Internal communication plays a critical role in keeping people inspired, engaged and informed. At its best, it enhances business success, supports talent retention, and builds culture and cohesion, motivating employees to become powerful advocates for the organisation.
But in our hybrid-working world - with its geographically disparate workforces and its multiplicity of communication channels - creating effective internal communication is more demanding than ever. It requires a strategic marketing approach, which emphasises:
- Understanding who your people are, how they feel, and what they want
- Opening a positive two-way dialogue between your people and the organisation
- Building a long-term, joined-up communications strategy
- Creating impactful, cut-through-the-noise, content
- Optimising every communication channel
- Motivating employees to become key advocates for the company
Here’s how that looks in practice...
1. Understanding who your people are, how they feel, and what they want
From a marketing perspective, the company is the ‘product’, and the workforce is the ‘market’. To communicate effectively, it’s important to listen to what the market is saying about the product. This means gathering insights – for example by running surveys or holding focus groups - in order to understand:
- What makes the ‘product’ attractive to the market?
What do employees like and value about the company?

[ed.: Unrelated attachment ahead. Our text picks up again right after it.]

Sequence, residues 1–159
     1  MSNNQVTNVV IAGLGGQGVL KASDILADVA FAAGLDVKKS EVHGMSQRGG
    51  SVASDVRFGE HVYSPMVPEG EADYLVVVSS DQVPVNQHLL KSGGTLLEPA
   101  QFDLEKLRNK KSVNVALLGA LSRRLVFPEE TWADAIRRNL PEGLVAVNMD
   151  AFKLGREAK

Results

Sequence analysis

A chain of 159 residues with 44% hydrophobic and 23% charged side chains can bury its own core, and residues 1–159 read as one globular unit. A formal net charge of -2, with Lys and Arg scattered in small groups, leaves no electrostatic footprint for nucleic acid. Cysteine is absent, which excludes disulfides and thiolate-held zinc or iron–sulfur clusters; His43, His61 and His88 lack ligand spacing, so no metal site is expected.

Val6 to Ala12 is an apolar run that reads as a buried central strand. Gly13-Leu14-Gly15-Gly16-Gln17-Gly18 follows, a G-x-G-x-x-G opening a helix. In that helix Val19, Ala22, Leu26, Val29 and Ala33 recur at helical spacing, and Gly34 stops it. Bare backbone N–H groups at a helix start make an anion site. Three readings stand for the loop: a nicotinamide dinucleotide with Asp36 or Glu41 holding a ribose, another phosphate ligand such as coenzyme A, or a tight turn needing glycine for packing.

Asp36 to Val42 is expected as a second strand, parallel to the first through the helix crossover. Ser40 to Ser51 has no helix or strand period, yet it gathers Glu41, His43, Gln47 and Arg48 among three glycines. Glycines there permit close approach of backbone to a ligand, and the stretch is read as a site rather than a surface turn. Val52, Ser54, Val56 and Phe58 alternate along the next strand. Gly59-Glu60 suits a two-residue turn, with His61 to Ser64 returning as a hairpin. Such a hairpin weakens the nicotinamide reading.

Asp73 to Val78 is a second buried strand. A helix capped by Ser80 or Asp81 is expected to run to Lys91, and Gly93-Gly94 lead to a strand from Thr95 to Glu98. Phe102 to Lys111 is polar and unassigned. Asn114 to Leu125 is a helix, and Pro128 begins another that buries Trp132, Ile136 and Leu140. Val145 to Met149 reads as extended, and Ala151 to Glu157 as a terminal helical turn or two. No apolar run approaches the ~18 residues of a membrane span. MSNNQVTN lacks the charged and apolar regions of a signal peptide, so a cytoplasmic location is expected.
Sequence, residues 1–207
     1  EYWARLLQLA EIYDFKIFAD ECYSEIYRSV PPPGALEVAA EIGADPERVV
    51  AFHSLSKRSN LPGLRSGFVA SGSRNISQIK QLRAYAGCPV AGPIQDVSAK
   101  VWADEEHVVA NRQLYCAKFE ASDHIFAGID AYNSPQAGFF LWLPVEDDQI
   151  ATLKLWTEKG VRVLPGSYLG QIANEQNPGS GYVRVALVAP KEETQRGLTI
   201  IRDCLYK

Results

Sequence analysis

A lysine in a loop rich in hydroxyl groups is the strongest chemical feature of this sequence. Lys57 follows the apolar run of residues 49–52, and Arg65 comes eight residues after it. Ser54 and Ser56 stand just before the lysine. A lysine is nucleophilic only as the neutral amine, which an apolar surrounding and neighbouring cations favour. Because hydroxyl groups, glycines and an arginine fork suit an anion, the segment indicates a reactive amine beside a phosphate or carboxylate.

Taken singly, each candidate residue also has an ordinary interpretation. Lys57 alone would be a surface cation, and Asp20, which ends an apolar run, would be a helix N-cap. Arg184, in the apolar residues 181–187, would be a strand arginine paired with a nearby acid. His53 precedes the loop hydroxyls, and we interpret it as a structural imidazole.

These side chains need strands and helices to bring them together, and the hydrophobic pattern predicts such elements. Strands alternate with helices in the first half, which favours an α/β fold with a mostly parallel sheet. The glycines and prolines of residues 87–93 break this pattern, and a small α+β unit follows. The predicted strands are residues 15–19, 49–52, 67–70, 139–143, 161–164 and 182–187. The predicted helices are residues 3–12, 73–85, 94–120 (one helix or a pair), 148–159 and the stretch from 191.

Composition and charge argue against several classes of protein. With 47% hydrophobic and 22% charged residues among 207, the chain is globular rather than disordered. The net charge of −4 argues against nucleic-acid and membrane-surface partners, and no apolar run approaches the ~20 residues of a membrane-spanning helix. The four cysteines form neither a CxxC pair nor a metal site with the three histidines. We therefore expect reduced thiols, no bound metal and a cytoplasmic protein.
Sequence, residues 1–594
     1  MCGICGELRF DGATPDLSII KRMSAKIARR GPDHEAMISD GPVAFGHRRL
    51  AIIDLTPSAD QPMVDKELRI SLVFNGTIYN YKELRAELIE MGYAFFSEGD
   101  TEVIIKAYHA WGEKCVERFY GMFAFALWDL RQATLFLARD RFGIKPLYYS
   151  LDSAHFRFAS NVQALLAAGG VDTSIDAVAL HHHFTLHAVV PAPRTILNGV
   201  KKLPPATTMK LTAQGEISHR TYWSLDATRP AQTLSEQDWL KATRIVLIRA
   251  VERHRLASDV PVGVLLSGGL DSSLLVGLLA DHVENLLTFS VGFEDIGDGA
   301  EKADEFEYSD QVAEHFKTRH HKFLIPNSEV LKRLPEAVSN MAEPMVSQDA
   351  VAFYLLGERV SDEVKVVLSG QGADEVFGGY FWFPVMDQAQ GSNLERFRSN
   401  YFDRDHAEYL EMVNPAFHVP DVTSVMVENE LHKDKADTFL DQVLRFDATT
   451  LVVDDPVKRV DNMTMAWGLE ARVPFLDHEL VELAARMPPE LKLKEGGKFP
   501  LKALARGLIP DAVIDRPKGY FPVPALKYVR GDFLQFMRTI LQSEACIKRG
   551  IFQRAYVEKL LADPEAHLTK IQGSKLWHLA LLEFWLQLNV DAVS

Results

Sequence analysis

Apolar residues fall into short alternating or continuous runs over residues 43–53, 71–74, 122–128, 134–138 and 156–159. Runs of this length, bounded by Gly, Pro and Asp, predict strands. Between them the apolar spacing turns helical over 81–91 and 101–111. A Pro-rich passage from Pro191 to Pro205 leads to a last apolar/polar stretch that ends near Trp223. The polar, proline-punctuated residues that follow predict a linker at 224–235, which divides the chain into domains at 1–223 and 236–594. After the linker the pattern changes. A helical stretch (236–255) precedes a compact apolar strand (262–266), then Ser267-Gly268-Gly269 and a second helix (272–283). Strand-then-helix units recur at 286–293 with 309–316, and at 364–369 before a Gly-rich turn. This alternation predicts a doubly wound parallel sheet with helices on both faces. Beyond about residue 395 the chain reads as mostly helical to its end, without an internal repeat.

- What doubts does the market have about the product?
What aspects of the company do employees question or dislike?
- What would improve the product in the eyes of the market?
What concrete actions could the company take to build employee satisfaction?
Thinking about your people in this way creates a communication mindset in which the imperative is to understand what employees want and need, and to work towards delivering it, rather than purely focusing on the top-down messages that the company wants to convey.
That sounds simple, but this approach puts employees centre stage and focuses on their needs. That concern for the employees’ opinions builds trust. And that trust is a fundamental cornerstone of engagement.
2. Opening a positive two-way dialogue between people and the organisation
Once you’ve listened to your people, the next step is to respond to their feedback. This is a multi-level process which requires buy-in from senior leadership. It takes time. So, it’s important to keep employees in the loop: showing that the company is listening and considering what’s been said. That may be as simple as reflecting back what you have learned. “In our recent survey, 76% of colleagues said. By staying transparent, you open a two-way dialogue that builds a culture of trust and allows employees to feel that their voices matter." This pays dividends for the future. It invites employees to keep feeding back about their level of engagement and the reasons for it. That builds your understanding of your ‘market’ and how you should be interacting with it at any given time for optimum results.
3. Building a long-term, joined-up communications strategy
Listening also gives you the insights you need to create a long-term communications strategy to build employee engagement: aligning what matters to people, with what matters to the company.